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From:Cynthia Favara <> (by way of histonet)
To:histonet <>
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	Interesting question. We use liquid nitrogen here all the time
and to be honest with you I have never considered the disposal issue. We
just let it evaporate. We are freezing animal tissue that may or may not
be infected with virual constructs that are non pathogenic in humans.

Cynthia Favara
Rocky Mountain Laboratories
903 S 4th Street
Hamilton, MT 59840
ph: 406-363-9317
FAX: 406-363-9286

> ----------
> From:[]
> Sent: 	Monday, December 07, 1998 4:44 PM
> To:
> Someone asked me a question about how to dispose of liquid
> nitrogen. That got me thinking about how it is used, and about
> whether is should be considered biohazardous.
> If fresh tissue is frozen in the liquid nitrogen, could
> some of the bacteria/fungi/viruses from the tissue be frozen
> and floating free in the liquid nitrogen? Would these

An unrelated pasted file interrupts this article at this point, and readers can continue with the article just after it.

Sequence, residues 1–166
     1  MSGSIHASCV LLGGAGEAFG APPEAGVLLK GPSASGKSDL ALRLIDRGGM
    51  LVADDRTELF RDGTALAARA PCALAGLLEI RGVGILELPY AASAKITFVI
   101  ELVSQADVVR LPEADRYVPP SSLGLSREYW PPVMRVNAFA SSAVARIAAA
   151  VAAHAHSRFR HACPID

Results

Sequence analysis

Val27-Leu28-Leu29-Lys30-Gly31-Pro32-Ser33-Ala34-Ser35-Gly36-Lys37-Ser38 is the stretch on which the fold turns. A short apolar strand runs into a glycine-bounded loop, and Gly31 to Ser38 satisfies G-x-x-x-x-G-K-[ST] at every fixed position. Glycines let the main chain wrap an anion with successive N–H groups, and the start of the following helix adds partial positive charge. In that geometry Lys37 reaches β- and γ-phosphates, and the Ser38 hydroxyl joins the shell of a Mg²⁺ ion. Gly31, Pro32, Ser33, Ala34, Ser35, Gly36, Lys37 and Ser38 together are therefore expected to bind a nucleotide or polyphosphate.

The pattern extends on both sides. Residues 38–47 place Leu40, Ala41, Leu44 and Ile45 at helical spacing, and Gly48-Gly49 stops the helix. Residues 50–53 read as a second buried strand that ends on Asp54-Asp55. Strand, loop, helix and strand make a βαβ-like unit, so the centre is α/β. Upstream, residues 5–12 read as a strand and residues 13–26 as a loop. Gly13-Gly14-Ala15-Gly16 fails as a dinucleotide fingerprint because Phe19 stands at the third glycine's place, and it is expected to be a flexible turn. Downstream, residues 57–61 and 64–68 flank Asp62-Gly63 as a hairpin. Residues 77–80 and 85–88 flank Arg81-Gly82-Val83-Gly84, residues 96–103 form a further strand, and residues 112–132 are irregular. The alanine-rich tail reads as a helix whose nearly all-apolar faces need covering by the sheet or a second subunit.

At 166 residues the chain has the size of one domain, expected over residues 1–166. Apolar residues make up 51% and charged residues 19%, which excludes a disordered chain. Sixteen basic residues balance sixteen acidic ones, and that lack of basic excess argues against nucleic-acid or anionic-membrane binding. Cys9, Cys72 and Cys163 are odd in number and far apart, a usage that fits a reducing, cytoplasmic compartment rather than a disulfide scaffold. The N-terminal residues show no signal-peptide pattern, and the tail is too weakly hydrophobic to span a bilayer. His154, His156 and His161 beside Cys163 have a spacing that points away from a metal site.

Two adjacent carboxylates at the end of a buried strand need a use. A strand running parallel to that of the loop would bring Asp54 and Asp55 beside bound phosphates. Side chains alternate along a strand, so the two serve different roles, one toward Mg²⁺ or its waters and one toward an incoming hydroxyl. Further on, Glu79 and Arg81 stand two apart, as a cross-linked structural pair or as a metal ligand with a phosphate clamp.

> frozen micro-organisms then be still viable when thawed out,
> such as when the liquid nitrogen is thrown on the floor
> or outside under a bush?
> This concerns not only tissues quickly frozen in liquid
> nitrogen, but also tissues in long term storage in
> liquid nitrogen.
> If the dumping/evaporating of the liquid N2 is done indoors,
> is there a chance that the microorganisms become
> airborn? If dumped outside on the ground, what happens to
> the microorganisms? Does air and sunlight kill them? Would
> it be better to let the liquid N2 evaporate in the hood?
> I don't know of any way to dispose of liquid N2, other than
> dumping/evaporating. Obviously, pouring liquid Chlorox into
> the liquid N2 isn't going to work.
> Any and all (useful) suggestions will be appreciated and
> passed along.
> --
> Peggy A. Wenk, HTL (ASCP)
> Anatomic Pathology
> Wm. Beaumont Hospital
> 3601 W. 13 Mile Rd.
> Royal Oak, MI 48073-6769

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